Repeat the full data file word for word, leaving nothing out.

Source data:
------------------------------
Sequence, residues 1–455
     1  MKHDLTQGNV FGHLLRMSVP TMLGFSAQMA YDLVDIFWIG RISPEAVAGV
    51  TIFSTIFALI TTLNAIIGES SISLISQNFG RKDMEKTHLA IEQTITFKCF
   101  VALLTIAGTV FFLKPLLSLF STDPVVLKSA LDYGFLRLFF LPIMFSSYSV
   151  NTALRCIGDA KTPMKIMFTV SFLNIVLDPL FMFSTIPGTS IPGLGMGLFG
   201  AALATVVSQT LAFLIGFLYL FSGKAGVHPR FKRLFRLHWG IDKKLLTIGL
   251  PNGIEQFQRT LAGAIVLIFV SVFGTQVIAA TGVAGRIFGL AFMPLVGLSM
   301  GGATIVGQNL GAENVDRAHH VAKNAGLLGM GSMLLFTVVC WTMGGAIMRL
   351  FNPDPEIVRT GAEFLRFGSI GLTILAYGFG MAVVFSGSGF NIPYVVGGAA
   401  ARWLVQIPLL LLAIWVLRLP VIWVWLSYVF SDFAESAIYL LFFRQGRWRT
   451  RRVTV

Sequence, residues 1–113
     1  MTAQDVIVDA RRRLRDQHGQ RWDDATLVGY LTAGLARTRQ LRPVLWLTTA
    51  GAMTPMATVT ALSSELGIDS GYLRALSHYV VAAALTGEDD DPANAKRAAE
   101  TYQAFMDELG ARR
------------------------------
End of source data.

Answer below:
Sequence, residues 1–455
     1  MKHDLTQGNV FGHLLRMSVP TMLGFSAQMA YDLVDIFWIG RISPEAVAGV
    51  TIFSTIFALI TTLNAIIGES SISLISQNFG RKDMEKTHLA IEQTITFKCF
   101  VALLTIAGTV FFLKPLLSLF STDPVVLKSA LDYGFLRLFF LPIMFSSYSV
   151  NTALRCIGDA KTPMKIMFTV SFLNIVLDPL FMFSTIPGTS IPGLGMGLFG
   201  AALATVVSQT LAFLIGFLYL FSGKAGVHPR FKRLFRLHWG IDKKLLTIGL
   251  PNGIEQFQRT LAGAIVLIFV SVFGTQVIAA TGVAGRIFGL AFMPLVGLSM
   301  GGATIVGQNL GAENVDRAHH VAKNAGLLGM GSMLLFTVVC WTMGGAIMRL
   351  FNPDPEIVRT GAEFLRFGSI GLTILAYGFG MAVVFSGSGF NIPYVVGGAA
   401  ARWLVQIPLL LLAIWVLRLP VIWVWLSYVF SDFAESAIYL LFFRQGRWRT
   451  RRVTV

Sequence, residues 1–113
     1  MTAQDVIVDA RRRLRDQHGQ RWDDATLVGY LTAGLARTRQ LRPVLWLTTA
    51  GAMTPMATVT ALSSELGIDS GYLRALSHYV VAAALTGEDD DPANAKRAAE
   101  TYQAFMDELG ARR